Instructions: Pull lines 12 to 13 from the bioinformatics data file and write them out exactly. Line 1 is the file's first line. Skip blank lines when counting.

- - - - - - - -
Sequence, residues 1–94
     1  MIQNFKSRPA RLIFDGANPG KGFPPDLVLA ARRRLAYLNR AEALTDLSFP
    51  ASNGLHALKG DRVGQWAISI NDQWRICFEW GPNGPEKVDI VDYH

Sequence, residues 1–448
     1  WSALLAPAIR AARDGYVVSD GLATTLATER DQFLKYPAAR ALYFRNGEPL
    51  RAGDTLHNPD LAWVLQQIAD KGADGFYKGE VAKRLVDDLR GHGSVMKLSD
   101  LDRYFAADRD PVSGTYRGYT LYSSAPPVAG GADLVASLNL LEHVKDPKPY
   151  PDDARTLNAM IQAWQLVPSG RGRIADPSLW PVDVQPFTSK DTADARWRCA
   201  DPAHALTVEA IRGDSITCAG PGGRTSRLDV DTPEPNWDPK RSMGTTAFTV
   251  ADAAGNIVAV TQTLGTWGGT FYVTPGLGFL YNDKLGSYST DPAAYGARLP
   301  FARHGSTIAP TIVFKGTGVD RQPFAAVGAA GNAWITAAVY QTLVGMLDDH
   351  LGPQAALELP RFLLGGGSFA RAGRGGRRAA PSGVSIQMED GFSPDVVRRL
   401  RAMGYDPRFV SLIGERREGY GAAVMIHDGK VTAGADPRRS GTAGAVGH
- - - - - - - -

   351  LGPQAALELP RFLLGGGSFA RAGRGGRRAA PSGVSIQMED GFSPDVVRRL
   401  RAMGYDPRFV SLIGERREGY GAAVMIHDGK VTAGADPRRS GTAGAVGH